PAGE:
Volume 90 Issue 25 | p. 7 | News of The Week
Issue Date: June 18, 2012

New Way To Hit Alzheimer’s Target: Caspase-6 Inhibitor

Drug Discovery: Agent with novel mechanism improves selectivity for caspase-6 enzyme
Department: Science & Technology
Keywords: Alzheimer’s, caspase, zymogen, inhibitor
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GANG OF FOUR
Ribbon (left) and space-filling representations of a tetramer of caspase-6 precursor induced to form by two molecules of pep419.
Credit: Nat. Chem. Biol.
Ribbon (left) and space-filling representations of caspase-6 zymogen tetramer induced by two molecules of pep419 (spheres and arrows).
 
GANG OF FOUR
Ribbon (left) and space-filling representations of a tetramer of caspase-6 precursor induced to form by two molecules of pep419.
Credit: Nat. Chem. Biol.

An agent that inhibits the protease enzyme caspase-6 in a totally new way could help lead to a novel type of medication for Alzheimer’s disease, a condition in which caspase-6 may play a key role.

Drug researchers in academia and the pharmaceutical industry have been actively pursuing inhibitors of caspase-6 and other caspases as potential Alzheimer’s medications for several years. But inhibitors against caspases have been found to cause serious side effects, and none has passed clinical trials.

The problem is that the active sites of caspases are very similar to one another. So agents targeting one of the various enzymes’ active sites tend to hit off-target caspase active sites as well, causing liver toxicity and other side effects.

Now, scientist and lab head Rami N. Hannoush of Genentech, in South San Francisco, and coworkers report having screened libraries of peptides on surfaces of bacteriophage viruses to identify a peptide called pep419 that inhibits caspase-6 by a novel mechanism (Nat. Chem. Biol., DOI: 10.1038/nchembio.967).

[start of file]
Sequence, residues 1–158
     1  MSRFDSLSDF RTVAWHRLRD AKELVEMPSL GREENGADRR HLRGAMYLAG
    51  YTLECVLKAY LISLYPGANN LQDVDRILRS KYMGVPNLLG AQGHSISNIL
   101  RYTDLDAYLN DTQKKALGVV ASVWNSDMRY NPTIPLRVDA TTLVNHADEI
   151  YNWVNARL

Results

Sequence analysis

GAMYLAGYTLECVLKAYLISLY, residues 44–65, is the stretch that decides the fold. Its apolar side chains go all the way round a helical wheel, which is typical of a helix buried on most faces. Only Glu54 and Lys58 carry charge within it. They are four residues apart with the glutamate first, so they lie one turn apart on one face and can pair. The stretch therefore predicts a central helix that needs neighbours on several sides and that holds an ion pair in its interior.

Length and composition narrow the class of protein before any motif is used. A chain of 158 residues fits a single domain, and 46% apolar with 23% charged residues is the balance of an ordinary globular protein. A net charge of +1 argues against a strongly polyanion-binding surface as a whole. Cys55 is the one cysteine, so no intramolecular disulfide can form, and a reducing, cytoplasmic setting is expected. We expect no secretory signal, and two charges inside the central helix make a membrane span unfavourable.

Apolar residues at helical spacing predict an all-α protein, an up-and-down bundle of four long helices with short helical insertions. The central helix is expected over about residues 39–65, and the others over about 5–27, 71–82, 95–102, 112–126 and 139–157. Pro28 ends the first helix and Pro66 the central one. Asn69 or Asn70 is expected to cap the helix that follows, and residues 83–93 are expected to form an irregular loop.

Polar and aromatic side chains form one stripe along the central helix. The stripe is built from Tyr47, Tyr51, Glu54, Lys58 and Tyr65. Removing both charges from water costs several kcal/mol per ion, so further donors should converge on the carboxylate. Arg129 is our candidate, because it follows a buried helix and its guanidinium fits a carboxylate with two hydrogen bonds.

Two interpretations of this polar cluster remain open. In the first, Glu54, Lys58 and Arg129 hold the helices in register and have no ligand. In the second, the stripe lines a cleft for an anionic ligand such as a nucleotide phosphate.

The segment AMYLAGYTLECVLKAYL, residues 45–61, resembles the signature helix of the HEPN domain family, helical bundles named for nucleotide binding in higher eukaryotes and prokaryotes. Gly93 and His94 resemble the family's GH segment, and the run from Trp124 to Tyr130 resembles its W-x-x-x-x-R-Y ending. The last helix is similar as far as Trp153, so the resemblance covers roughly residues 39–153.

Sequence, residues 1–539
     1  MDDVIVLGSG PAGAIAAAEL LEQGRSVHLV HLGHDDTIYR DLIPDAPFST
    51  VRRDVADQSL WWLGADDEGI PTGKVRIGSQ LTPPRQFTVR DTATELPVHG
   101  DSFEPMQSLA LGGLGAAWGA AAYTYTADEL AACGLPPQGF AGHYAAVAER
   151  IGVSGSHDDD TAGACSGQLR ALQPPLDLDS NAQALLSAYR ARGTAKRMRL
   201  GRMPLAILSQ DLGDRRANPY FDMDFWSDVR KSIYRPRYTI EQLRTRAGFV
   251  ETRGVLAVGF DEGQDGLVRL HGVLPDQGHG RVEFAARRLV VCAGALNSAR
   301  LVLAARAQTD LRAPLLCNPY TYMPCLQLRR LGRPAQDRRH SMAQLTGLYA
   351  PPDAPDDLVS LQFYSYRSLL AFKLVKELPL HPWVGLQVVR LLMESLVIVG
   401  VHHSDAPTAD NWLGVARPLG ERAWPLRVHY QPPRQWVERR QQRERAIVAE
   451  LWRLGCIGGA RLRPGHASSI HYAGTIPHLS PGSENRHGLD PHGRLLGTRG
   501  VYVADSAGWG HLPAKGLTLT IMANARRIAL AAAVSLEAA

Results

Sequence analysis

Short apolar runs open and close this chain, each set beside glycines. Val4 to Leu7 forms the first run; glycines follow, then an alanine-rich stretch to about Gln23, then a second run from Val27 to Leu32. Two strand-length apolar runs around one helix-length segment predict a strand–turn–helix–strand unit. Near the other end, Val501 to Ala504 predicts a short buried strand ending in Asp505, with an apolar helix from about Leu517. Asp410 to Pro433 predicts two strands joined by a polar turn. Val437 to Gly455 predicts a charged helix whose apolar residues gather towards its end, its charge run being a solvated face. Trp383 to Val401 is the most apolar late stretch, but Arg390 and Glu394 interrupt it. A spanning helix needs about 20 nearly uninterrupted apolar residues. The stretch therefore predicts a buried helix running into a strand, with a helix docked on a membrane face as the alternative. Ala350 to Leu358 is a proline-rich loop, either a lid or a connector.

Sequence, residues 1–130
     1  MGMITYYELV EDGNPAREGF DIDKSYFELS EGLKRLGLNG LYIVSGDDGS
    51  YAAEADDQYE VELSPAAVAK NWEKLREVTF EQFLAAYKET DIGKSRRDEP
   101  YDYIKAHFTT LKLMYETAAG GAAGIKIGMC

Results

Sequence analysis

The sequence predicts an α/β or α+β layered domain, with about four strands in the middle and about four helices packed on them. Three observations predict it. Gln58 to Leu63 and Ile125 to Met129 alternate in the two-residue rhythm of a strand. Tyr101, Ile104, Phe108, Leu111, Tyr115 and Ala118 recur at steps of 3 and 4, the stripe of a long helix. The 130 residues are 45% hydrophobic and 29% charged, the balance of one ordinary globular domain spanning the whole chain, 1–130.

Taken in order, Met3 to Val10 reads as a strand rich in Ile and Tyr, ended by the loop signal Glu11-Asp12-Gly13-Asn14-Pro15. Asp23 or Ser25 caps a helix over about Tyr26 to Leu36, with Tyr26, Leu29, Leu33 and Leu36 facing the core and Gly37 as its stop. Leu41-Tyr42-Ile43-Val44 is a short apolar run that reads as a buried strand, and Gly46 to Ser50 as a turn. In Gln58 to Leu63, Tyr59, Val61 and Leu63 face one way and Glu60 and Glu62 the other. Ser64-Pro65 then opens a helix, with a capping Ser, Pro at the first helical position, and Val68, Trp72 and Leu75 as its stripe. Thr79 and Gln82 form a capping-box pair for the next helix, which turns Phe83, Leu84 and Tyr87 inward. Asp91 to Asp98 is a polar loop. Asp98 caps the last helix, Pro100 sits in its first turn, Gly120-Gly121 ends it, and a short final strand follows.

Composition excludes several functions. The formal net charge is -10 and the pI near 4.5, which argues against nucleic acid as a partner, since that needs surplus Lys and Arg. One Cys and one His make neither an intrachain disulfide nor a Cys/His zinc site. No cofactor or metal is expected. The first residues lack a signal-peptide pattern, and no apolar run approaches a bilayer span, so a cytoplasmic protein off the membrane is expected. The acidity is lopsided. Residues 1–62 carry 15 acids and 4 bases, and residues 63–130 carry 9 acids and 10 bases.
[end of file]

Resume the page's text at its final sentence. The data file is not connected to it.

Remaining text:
It works a little like glue. It binds to an allosteric site on an inactive precursor of caspase-6, inducing the precursor to form tetramers. This precursor already tends to form dimers, so only two molecules of pep419 are needed to cause each tetramer to form. Pep419-induced tetramer formation ties up the precursor, discouraging it from maturing to the active form and expressing normal enzymatic activity.

Peptides don’t necessarily make for the best drugs, but similar small molecules might lead to effective and selective caspase-6 inhibitors, the researchers say.

“Inhibiting caspase-6 with a drug like pep419 might halt Alzheimer’s disease progression before people even have symptoms,” says Alzheimer’s expert Andrea LeBlanc of McGill University, in Montreal. Her group discovered over the past decade that caspase-6 seems to play an important role in Alzheimer’s at a very early stage of the disease. She says the Genentech study “shows there is hope” in developing a new type of caspase-6-based Alzheimer’s medication. “The importance of this paper is the identification of a new site that can stabilize and inhibit this enzyme.”

Neuroscientist Bart De Strooper, who specializes in Alzheimer’s and Parkinson’s disease mechanisms at the University of Leuven, in Belgium, says the study “demonstrates an interesting approach to develop caspase-6-specific inhibitors. Over the years, considerable circumstantial evidence has implicated caspases, and more specifically caspase-6, in Alzheimer’s disease. It remains a challenge to provide direct proof for this claim, but highly specific inhibitors, active in vivo and with little off-target toxicity, are the tools needed to make progress along that path.”

Guy Salvesen, a protease specialist at Sanford-Burnham Medical Research Institute, in La Jolla, Calif., who has consulted for Genentech, comments that “the challenge will be to convert pep419 into some kind of pharmacologically reasonable small molecule.” Pep419’s selectivity “is not quite all the way there yet, but it provides an avenue toward very high selectivities that cannot be achieved by the active-site-directed approaches of conventional inhibitors.”

 
Chemical & Engineering News
ISSN 0009-2347
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